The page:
Beyond Magnoil, many of Haidut’s more exotic products look promising for calming the nervous system. Bob is researching what would be most appropriate to consider here but could use some help.

    Does anyone have thoughts for addressing this hypothetical problem at its root?

    Thanks to everyone who read this long message.
     
  2. JudiBlueHen

    JudiBlueHen Member

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    First, I have a question. I have looked up Adrenergic Storm, and every definition seems to copy Wikipedia, so is not totally helpful. Can you provide a brief description of the term (most online definitions are related to drug overdose or traumatic brain injury). Second, how do you distinguish between Adrenergic Storm and Thyroid Storm?

    Your scenario is potentially relevant to me in that I have episodes of SVT, usually accompanied by episodic HBP. Thanks!
     
  3. OP
    zanolachino

    zanolachino Member

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    I'm afraid I don't know anything about differential diagnosis between adrenergic storm and thyroid storm.

    The reason the situation in the OP is fairly certain to be an adrenergic storm is that the sort of hypertensive crisis caused by MAOIs plus tyramine is very well-documented, and tyramine causes the hypertensive crisis through an adrenergic storm: a runaway surge in adrenaline and norepinephrine.
     
  4. JudiBlueHen

    JudiBlueHen Member

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    You might be interested in the writings of Dr. Ken Gillman, Psychotropical Research. He has many articles on MAOIs; one describes the hypotensive effect of MAOIs. He is an expert in Serotonin Toxicity.

    MAOIs and Blood Pressure (Anti-Hypertensive Effect) - Psychotropical

    Lowering of Blood Pressure: a Therapeutic Effect of MAOIs
    On reading this you may understand why it is frustrating to read much of what is written about MAOIs. Many doctors still believe that MAOIs raise blood pressure. Back in the 1960s they were more widely used as anti-hypertensive drugs than they were as antidepressants: the following references attest to that (1-10).​

    Regarding foods eaten with MAOIs, he discusses the reaction with tyramine (but he does not specifically discuss supplements). It would be interesting to know if "Bob" had these specific symptoms.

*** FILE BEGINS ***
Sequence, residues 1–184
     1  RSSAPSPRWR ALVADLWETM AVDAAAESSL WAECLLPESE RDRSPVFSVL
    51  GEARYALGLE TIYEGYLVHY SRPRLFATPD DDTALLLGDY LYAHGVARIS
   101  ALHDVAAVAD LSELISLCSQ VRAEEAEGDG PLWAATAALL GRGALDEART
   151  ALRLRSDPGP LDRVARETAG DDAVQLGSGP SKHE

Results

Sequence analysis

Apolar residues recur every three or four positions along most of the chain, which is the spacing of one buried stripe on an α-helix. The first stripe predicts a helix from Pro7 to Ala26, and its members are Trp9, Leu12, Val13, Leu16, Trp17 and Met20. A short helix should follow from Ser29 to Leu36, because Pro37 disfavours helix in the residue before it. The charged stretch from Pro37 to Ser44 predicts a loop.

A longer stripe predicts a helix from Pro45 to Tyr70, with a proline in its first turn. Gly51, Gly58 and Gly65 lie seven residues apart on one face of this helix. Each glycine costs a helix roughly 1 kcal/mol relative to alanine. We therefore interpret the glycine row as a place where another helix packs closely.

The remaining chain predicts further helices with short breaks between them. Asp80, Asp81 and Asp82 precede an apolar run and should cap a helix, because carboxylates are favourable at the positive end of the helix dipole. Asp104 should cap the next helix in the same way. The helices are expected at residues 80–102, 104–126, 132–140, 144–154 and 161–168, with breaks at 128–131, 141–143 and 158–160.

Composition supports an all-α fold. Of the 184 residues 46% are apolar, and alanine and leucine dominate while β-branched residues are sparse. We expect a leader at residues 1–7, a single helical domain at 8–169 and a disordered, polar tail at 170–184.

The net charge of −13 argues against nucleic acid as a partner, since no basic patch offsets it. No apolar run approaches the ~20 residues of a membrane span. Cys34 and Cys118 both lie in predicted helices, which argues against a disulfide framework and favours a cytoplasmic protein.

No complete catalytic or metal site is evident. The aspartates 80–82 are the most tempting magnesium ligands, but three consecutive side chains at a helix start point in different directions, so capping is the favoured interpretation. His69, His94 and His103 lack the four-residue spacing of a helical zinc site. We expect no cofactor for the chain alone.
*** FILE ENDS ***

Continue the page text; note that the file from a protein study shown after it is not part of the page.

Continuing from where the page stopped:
MAOI Diet Abbreviated 3.3 - Psychotropical
    • The increased blood pressure reaction that can result from excess tyramine ingestion is proportional to the amount of tyramine ingested
    • Nowadays very few foods or drinks have tyramine levels sufficiently high that a small amount (i.e. 50 grams or ml, or less) is likely to cause a problematic degree of hypertension
    • All modern cheeses are safe in healthy-sized portions (25-50 grams). Only a very few matured cheeses can sometimes have higher tyramine concentrations, so a little care and awareness is still needed
    • Reaction to modern foods are likely to be mild and to last less than 2 hrs. The chance of coming to serious harm is remote
    • The symptoms of a reaction are: a thumping forceful heartbeat (usually a slower than normal pulse rate), paleness (pallor), rapid onset severe headache, tightness in the chest. Pulse may drop as low as 40 beats per minute
    • The variability of sensitivity to tyramine between individuals means that a small percentage of people may notice mild reactions with smaller doses
     
  5. fractalpi

    fractalpi Member

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    It is when one takes MAOI inhibitors, that a hypertensive crisis occurs, if one eats food high in tyramine, like aged cheese and brewer's yeast.

    Examples of MAOIs that are used for depression include:

    • Isocarboxazid (Marplan)
    • Phenelzine (Nardil)
    • Selegiline (Emsam)
    • Tranylcypromine (Parnate)
    Avoid the combination of high-tyramine foods and MAOIs
     
  6. methylenewhite

    methylenewhite Member

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    Another proof that traditional medicines are a placebo based voodoo. They have no idea what they mix in.